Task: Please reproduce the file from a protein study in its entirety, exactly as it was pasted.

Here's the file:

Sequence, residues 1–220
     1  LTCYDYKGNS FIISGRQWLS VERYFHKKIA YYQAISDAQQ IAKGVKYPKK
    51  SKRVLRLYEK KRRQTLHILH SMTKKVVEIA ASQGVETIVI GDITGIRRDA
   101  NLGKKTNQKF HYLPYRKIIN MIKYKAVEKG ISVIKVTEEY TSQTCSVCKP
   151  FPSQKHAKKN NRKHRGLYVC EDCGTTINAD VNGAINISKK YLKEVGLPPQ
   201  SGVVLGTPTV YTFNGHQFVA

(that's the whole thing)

Sequence, residues 1–220
     1  LTCYDYKGNS FIISGRQWLS VERYFHKKIA YYQAISDAQQ IAKGVKYPKK
    51  SKRVLRLYEK KRRQTLHILH SMTKKVVEIA ASQGVETIVI GDITGIRRDA
   101  NLGKKTNQKF HYLPYRKIIN MIKYKAVEKG ISVIKVTEEY TSQTCSVCKP
   151  FPSQKHAKKN NRKHRGLYVC EDCGTTINAD VNGAINISKK YLKEVGLPPQ
   201  SGVVLGTPTV YTFNGHQFVA